For anyone who grew up on the works of Douglas Adams, any new incarnation of his wacky characters, any novel spin on his wild theories and any fresh interpretation of his uniquely quirky universe are always welcome.
And the start of the new season of “Dirk Gently’s Holistic Detective Agency” (BBC America) provides this reviewer with a golden opportunity to prove that he’s still a hoopy frood who really knows where his towel is.
Adams was the creative genius behind “The Hitchhiker’s Guide to the Galaxy,” the BBC radio show that spawned – inter alia – a four-part trilogy of books, a television series, a computer game, a stage show and a thoroughly disappointing movie adaptation. Although he died in 2001, Adams has continued to provide inspiration and material for various platforms.
To mark the 30th anniversary of the original “Hitchhiker’s Guide” radio show, first aired in 1978, the BBC, along with Adams’ estate, commissioned a reboot of the series, which included previously unpublished writing and fresh material from some of the best British comedy writers. And last week, the BBC announced that it has commissioned a six-part reboot of the series for radio, which will star some of the original cast, to be aired sometime next year, 40 years after the original.
Adams’ influence on popular culture is almost unparalleled. So popular are his books that many of his characters and lines have seeped into our cultural subconscious: Marvin the Paranoid Android’s plaintiff moaning about life; the ultimate answer to life, the universe and everything (it’s 42, in case you were wondering); and the Pan Galactic Gargle Blaster (the most potent alcoholic drink in the known universe, the effects of which are like “having your brains smashed in by a slice of lemon wrapped round a large gold brick”) are just some of the “Hitchhiker” references that even people who have never read the books are familiar with.
Among Adams’ lesser known characters is Dirk Gently, the owner and sole employee of an eponymous holistic detective agency. Like so many of his creations, Gently is an amalgam of serious philosophical debate, absurd but scientifically possible theories and plotlines that stretch the bounds of credulity.
Gently’s modus operandi relies on “the fundamental interconnectedness of all things,” which he uses to tackle the “whole crime.” He allows himself to wander – childlike – across the storyboard, untethered by time, place or space and picking up seemingly random pieces of information, which in the end prove to be the key to solving the mystery at hand.
Gently is Sherlock Holmes on acid: his attention span is vexingly short; his thought process goes off on tangents that exacerbate his cohorts; and he has no patience for anyone who can’t keep up with his lightning mind.
In 2010, there was an aborted attempt to bring Dirk Gently to the small screen. Howard Overman, who penned the award-winning British TV show “Misfits,” was tasked with rewriting it for television. His series used the characters invented by Adams, but the original plot was ditched in favor of something that could be crammed into the relatively restricting confines of a four-part television show.
Relocated to America
Then, in 2016, Max Landis – son of Hollywood superstar John Landis (“The Blues Brothers” and “Trading Places,” to name just two) – was commissioned by BBC America to be showrunner for another attempt to adapt the character for television.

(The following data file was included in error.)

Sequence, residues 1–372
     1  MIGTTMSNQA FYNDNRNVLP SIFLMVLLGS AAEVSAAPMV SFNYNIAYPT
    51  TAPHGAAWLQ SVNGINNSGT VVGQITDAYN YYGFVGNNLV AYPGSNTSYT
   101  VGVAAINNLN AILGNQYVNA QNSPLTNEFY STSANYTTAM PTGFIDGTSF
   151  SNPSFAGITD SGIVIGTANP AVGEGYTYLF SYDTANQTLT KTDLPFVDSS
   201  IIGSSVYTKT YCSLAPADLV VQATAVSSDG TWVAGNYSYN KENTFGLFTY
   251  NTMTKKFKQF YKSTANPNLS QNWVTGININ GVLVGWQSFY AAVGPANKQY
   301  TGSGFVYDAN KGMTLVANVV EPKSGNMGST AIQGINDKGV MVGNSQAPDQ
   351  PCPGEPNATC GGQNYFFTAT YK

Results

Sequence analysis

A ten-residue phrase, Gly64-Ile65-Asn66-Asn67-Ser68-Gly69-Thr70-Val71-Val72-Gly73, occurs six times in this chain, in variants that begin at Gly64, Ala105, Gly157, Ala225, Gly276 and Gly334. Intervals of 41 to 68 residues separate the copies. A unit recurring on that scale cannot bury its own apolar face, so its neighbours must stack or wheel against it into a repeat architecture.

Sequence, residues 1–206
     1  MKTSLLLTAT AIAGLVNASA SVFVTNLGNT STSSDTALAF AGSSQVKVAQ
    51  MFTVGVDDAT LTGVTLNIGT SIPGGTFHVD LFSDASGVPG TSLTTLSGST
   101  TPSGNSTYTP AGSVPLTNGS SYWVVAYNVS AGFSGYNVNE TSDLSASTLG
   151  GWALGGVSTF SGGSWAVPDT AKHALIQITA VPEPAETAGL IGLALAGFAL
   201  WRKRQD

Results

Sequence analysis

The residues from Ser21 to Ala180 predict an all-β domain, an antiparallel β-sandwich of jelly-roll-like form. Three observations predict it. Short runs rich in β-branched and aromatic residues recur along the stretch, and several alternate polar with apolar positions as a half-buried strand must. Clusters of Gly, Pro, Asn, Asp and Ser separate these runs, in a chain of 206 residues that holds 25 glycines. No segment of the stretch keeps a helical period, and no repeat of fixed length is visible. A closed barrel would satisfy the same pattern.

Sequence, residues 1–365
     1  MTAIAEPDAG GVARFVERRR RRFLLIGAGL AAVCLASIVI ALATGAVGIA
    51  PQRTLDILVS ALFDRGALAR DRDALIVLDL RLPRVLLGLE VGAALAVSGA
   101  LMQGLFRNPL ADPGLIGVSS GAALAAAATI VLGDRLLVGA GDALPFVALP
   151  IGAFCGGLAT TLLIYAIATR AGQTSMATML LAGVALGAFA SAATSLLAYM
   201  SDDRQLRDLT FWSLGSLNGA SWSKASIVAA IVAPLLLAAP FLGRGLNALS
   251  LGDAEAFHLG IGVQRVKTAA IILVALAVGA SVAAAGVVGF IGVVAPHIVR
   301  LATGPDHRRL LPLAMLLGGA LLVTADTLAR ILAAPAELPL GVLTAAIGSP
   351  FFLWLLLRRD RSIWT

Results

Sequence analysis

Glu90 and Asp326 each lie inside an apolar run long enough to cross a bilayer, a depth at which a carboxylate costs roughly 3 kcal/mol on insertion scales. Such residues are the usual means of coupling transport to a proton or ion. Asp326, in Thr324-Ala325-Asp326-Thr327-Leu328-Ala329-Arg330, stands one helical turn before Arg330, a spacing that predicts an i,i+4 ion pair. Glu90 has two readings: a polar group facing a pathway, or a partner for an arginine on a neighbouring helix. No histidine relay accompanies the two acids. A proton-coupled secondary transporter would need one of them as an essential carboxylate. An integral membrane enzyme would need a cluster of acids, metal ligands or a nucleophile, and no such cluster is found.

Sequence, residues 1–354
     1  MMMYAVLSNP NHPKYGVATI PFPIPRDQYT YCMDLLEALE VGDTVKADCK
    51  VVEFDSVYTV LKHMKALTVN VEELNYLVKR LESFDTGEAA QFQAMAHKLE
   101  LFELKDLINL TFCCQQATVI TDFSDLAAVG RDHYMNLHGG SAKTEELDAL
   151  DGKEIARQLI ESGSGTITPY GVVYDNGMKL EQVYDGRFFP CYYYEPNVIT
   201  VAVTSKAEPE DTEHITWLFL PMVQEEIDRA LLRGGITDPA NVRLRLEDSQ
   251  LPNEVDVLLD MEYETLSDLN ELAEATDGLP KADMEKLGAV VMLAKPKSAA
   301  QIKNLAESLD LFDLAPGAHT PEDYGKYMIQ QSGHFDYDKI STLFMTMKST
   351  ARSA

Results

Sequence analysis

Landis managed to get Elijah Wood on board, playing the role of Gently’s unwilling sidekick. Since shooting to fame as Frodo Baggins in Peter Jackson’s epic adaptation of “The Lord of the Rings,” Wood has made some interesting career choices. He has eschewed big Hollywood productions and has opted, instead, to star in some offbeat productions (FX’s “Wilfred,” especially, stands out).
The title character in Landis’ adaptation is played by Samuel Barnett, a relatively unknown British actor who has appeared in several BBC shows but is best known for his work in theater.
Like the previous television incarnation of Dirk Gently, Landis, too, does not try to retell the original story. Instead, he relocates the show to America and introduces several new characters. This gives him the freedom – within the boundaries of Adams’ crazy world – to give his creation a voice of its own, without losing the very distinctive humor of the original.
For the most part, he succeeds. Television Dirk is as frantic and as manic as his literary counterpart, rushing with abandon from scene to scene, relying on fate to rescue him and generally allowing the universe to guide him. In this respect, he embodies the hippie heroes of books by Tom Robbins, the mysticism of Carlos Castaneda and the teachings of Kurt Vonnegut’s Bokonon (“Peculiar travel suggestions are dancing lessons from God”).
Obviously, there are things that no TV adaptation can do as well as the written word. Adams was sublimely skilled at slightly skewing a turn of phrase and turning it into something else entirely – something wonderfully alien and at the same time comfortingly familiar. Similarly, the frenetic plot of the books can often lead to confusion on the small screen, where viewers do not have the luxury of flipping back a few chapters to remind themselves of details they may have missed.
All in all, however, this new adaptation of “Dirk Gently’s Holistic Detective Agency” is a delight for Douglas Adams fans. According to one biographer, Adams always regretted that Dirk did not become a successful television character. In Landis’ adaptation, the plot may differ, but the character of Dirk lives on.
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